Days following his first drink, had been filled with unsuccessful attempts to reach out to the family that had turn their backs.  E-mails written, never to be sent.  Phone calls made, never to be answered.  Misunderstandings clouded with stubbornness and greed would continue to linger, the guilt never to be lifted.  He would remain alone with the demons screaming in his head.

His heart had been kind and generous, always giving what he was able…money, time, advice, friendship, encouragement, laughter…He was loved greatly, and forever remembered by the ones he left behind.

Change is a Decision

Start by making a step in the direction of change…Keep putting one foot in front of the other…It wont be long before you look back and realize it would be a change to go back…

Simple Tom

Change is a Decision

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The Unavoidable Move


You hear the click as the new lock settles into place behind you. The words being spoken come at you like a tornado with no sound.  Your mind so loud with your own jumbled thoughts, nodding yes is all you can do.  Feeling the weight of the bag hanging off your shaking shoulder you wonder if it holds what you will need.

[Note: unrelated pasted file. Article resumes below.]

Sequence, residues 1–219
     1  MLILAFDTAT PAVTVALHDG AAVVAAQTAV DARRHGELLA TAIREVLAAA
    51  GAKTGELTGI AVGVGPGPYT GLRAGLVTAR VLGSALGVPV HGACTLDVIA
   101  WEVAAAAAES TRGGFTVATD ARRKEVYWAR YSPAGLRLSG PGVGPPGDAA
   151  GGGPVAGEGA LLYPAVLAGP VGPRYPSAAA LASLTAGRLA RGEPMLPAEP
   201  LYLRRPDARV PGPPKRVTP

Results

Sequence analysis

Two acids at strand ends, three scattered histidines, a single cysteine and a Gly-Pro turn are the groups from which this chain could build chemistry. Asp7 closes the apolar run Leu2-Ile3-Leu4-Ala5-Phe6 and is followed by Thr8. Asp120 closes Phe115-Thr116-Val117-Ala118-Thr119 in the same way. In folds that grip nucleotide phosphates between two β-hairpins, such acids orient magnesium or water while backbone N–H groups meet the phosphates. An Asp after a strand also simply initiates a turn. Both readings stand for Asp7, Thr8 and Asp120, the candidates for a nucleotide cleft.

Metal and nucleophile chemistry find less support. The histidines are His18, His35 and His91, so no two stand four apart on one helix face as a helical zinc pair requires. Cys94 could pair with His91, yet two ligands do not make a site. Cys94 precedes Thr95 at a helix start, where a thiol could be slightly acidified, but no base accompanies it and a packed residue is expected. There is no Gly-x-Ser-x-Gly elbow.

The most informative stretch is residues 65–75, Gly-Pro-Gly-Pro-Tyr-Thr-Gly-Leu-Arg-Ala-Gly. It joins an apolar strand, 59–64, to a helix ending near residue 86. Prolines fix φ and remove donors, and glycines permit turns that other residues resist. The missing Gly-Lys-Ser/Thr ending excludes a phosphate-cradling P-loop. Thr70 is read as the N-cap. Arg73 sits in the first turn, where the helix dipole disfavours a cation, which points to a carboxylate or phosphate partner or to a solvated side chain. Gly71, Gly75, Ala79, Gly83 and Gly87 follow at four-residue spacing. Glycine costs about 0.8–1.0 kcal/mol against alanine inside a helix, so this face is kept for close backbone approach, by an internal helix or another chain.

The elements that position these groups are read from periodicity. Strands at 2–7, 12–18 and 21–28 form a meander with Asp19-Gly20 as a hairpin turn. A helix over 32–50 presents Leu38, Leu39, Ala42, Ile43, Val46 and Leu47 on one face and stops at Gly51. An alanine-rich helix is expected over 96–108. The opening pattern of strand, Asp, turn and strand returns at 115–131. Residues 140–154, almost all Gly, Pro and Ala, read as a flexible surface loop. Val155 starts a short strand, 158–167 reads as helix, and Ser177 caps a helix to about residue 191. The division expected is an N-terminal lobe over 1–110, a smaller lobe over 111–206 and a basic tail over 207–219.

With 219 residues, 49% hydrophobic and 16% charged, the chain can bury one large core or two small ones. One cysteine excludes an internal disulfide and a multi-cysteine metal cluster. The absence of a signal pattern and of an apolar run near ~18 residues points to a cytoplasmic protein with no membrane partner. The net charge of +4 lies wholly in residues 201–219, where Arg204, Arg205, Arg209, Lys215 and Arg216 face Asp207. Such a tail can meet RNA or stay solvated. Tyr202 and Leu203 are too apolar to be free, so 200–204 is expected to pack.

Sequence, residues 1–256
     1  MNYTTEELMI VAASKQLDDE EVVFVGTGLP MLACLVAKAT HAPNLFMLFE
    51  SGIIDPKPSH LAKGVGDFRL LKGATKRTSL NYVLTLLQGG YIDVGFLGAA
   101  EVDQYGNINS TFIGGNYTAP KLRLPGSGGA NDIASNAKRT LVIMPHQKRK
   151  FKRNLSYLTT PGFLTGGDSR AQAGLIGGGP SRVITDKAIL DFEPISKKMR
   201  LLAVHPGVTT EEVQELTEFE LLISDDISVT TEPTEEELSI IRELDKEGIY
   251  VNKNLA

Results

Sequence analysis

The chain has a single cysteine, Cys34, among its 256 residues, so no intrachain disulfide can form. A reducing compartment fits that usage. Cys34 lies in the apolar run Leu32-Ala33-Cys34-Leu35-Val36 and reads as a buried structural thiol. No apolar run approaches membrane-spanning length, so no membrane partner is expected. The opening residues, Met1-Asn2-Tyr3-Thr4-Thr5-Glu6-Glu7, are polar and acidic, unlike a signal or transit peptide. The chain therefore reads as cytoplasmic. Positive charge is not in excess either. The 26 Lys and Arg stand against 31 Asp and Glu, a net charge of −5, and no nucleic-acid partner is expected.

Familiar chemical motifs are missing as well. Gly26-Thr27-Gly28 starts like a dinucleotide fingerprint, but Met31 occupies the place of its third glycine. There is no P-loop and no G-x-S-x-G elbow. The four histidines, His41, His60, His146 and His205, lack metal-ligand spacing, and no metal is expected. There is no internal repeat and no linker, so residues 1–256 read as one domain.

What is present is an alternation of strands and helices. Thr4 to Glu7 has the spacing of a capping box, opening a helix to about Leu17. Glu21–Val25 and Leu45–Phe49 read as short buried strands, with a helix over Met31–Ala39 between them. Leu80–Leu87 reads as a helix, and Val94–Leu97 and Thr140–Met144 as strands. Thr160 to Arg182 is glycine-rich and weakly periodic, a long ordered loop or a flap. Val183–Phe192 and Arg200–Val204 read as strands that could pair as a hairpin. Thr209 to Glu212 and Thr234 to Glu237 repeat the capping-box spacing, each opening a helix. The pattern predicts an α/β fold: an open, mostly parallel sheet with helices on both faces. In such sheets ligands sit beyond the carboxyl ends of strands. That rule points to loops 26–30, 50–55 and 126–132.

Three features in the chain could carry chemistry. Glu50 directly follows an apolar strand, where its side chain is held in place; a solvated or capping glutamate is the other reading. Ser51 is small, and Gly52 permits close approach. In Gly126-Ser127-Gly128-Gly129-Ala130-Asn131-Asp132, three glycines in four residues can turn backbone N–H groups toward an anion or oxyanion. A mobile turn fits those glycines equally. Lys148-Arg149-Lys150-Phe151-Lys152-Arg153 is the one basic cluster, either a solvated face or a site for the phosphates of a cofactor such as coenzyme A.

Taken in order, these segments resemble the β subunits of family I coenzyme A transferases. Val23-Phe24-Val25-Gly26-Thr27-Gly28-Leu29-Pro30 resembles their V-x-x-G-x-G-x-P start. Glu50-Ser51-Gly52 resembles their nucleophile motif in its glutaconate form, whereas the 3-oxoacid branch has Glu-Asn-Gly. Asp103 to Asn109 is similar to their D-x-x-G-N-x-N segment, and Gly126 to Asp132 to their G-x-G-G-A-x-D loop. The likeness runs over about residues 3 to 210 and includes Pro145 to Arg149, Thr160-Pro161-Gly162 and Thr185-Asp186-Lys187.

You wait…You lean against the old reliable truck trying to stop the spin of ideas flying through your head when you realize the gas gauge reads empty. Gazing at the horizon you recognize the outline of the faded four-door sedan break free from the glare of the sun.  As it drives slowly towards you the protective walls your mind created start to crumble; allowing the once contained ominous feelings fill your soul with dread.

Your mind is blank when you hear your son’s laughter coming from the sedan. He smiles at the inside joke only his father understands.  The vacant look in your eyes is a tell he learned months ago.  As you try to explain, the reassurance in your voice fades with each word.

Your wife smiles at you through the rear-view mirror.  The split second eye contact shared says more than words ever will.  Driving away your mind becomes stuck in a flood of “what if’s” that cannot be answered.  You wonder which decision started this path you are quickly sliding down. Hoping for the direction to change soon, you pray you are not wandering in the wilderness.